Tree Physiology

Research program:

Carbon and Climate Change Research

Incharge :

Dr. Badre Alam, Principal Scientist (Plant Physiology)

Mandates/target area:

  • Basic and applied research on tree/crop physiology in agroforestry.
  • Microclimate dynamics and eco-physiological studies of agroforestry tree species with relation to functional traits.
  • Plant Physiological, morphological and biochemical approaches for understanding the major component limitations of agroforestry systems focusing environmental constraints.
  • Photosynthetic efficiency of agroforestry tree species.

Ongoing project/activities  : 

Ecophysiological dynamics for assessing climate change mitigation potential of contrasting tree populations of Pongamia pinnata.

  • The recent ongoing research efforts are progressing to obtain quantified data and information on the climate change mitigation potential of the Pongamia pinnata tree population for improved understanding and information on the mechanistic insights for the ecophysiological traits relating to tree biomass and carbon gain in the context of climate change.

Major achievements   :

  • For the first time it has been established that about 33% shade is the critical limit of shade for the crops of agroforestry importance as major physiological functions are alarmingly affected beyond this level (except shade-loving crop).
  • Important physiological, biochemical and leaf spectral traits including crop phenology, biomass index, photosystem-2 activity, CO2 assimilation rate, chlorophyll content index (CCI), enzymic and non-enzymic antioxidants and  yield for better understanding and evaluation of shade tolerance of crop species for agroforestry systems have been identified.
  • A few crops namely soybean, blackgram, sesame, turmeric; mustard, barley, pea have been identified to be relatively shade-resilient for agroforestry systems.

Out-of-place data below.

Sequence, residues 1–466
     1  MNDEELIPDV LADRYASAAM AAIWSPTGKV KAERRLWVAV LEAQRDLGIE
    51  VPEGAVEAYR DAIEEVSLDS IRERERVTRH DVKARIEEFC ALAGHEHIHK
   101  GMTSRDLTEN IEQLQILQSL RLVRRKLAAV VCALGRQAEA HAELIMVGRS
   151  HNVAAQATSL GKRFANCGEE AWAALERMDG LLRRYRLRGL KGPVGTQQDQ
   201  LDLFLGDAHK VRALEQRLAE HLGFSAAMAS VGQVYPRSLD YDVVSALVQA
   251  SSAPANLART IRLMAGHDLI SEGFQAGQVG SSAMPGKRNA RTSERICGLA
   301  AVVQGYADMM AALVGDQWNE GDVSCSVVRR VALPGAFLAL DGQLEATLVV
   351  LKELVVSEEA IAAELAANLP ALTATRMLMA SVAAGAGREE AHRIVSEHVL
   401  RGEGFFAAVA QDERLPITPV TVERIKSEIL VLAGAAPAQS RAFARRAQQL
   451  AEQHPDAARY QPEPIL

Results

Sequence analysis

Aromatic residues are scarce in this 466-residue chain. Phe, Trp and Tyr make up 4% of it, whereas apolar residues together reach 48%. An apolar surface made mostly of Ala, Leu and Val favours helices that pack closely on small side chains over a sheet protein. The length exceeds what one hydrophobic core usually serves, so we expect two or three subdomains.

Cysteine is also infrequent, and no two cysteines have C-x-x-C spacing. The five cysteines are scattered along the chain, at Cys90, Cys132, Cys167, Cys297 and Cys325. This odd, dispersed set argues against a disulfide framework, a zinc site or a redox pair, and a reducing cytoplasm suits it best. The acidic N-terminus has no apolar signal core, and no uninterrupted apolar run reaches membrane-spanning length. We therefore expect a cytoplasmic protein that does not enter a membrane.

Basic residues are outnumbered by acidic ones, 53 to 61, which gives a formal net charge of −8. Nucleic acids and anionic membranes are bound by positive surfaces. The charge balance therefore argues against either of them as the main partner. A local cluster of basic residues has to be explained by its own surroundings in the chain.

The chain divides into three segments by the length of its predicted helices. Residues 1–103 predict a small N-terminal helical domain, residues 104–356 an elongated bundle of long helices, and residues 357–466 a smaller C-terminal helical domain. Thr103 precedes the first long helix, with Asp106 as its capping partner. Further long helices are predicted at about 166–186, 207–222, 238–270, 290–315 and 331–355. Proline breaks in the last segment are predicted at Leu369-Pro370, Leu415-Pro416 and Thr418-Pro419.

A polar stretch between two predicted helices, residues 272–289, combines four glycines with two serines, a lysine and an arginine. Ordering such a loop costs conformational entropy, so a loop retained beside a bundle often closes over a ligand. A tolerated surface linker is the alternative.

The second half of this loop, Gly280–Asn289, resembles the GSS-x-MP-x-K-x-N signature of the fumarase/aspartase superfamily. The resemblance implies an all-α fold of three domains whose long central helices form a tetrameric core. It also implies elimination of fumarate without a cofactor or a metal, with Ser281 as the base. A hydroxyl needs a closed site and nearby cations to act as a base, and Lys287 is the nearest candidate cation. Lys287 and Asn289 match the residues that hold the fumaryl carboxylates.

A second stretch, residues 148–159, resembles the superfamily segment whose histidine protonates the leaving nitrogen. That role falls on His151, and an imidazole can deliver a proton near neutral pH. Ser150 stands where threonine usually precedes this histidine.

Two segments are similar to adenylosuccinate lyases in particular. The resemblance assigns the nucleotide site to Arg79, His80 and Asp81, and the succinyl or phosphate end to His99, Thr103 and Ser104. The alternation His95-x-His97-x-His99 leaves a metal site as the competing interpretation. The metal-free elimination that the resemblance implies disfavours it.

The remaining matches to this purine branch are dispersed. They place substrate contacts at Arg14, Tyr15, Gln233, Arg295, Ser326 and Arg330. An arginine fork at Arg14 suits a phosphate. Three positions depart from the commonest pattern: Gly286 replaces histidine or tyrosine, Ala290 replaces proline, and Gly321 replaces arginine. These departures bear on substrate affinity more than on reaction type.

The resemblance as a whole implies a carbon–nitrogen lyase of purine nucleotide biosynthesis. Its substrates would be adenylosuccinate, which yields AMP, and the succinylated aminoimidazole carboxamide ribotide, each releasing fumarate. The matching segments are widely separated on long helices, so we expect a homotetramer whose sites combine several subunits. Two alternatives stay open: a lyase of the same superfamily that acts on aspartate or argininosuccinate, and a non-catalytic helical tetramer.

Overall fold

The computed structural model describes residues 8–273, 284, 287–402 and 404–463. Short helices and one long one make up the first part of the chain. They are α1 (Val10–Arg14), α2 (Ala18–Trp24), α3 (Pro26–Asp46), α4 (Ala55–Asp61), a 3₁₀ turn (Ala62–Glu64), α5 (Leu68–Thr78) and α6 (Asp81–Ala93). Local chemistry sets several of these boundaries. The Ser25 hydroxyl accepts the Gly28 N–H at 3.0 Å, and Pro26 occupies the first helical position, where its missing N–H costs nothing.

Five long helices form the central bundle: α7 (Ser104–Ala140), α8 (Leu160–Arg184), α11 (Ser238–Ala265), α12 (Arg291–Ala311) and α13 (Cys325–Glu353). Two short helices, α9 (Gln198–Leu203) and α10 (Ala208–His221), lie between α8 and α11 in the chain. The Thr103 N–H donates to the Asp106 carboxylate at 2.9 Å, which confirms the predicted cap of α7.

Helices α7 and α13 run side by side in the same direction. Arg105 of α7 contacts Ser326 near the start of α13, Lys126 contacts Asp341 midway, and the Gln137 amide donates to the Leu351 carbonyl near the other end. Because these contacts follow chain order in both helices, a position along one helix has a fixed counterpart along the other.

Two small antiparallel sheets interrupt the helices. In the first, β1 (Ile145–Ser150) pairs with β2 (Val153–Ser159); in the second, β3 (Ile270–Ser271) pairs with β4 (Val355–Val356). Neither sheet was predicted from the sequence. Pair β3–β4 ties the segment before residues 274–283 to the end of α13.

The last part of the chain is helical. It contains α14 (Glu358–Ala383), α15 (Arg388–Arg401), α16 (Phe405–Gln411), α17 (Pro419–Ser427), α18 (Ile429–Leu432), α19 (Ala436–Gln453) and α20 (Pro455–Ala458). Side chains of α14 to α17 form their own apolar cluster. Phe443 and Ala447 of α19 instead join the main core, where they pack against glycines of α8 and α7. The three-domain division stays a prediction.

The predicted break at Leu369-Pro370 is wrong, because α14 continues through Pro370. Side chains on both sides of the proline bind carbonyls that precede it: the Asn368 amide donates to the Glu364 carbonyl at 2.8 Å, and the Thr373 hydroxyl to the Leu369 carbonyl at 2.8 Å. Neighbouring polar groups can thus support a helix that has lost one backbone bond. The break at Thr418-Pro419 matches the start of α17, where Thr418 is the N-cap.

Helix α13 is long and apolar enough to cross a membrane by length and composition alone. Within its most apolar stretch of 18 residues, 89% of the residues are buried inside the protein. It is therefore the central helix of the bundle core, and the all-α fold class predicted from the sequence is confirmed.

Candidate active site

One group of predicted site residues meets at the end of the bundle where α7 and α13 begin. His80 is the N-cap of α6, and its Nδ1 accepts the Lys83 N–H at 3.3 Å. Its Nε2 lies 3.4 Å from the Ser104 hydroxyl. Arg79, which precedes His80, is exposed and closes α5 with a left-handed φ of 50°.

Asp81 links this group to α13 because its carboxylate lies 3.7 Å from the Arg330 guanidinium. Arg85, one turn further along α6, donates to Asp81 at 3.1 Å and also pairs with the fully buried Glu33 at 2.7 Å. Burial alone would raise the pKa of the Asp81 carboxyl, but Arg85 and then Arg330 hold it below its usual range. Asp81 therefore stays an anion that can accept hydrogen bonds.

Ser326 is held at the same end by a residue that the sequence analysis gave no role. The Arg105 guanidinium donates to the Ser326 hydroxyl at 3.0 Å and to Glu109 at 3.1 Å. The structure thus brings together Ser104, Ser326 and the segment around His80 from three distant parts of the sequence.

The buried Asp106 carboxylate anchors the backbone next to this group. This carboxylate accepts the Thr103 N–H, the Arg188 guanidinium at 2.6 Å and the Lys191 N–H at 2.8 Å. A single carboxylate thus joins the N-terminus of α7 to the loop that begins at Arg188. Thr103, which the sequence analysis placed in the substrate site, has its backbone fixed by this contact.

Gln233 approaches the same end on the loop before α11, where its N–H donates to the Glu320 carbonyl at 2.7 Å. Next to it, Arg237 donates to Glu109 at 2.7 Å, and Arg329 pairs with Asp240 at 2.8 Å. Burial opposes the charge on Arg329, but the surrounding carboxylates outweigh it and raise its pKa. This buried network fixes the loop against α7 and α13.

• Ecophysiological and leaf reflectance based spectral traits were elucidated as the indicators for determining the understory crop component’s limitation (growth and productivity) with special reference to microclimate in agroforestry system.
  • MPTS (e.g. Dalbergia sissoo, Hardwickia binata, Anogeissus pendula, Anogeissus latifolia, Eucalyptus sp.) in agroforestry system have contributed in improving microclimate.
  • Higher physiological efficiency and sustenance of leaf water relations in clonal plants of Pongamia pinnata than seedling plants in field during dry hot summer season indicated its higher drought tolerance and adaptive potential.
  • Thermo-tolerance of selected MPTs of agroforestry importance namely karanj (Pongamia pinnata), sisham (Dalbergia sissoo), safed siras (Albizia procera) and neem (Azadirachta indica) have been characterized and assessed. The chosen species were able to tolerate an elevated temperature up to 2°C from ambience. Notwithstanding, significant adverse effect was noticed once the temperature shot over 2°C than ambient conditions. The study also revealed that canopy temperature depression (CTD) and chlorophyll content index (CCI) as the thermotolerance indices in the agroforestry tree species. 

Publications  :

A Glance of Tree Physiology Laboratory

A Glance of Tree Physiology Laboratory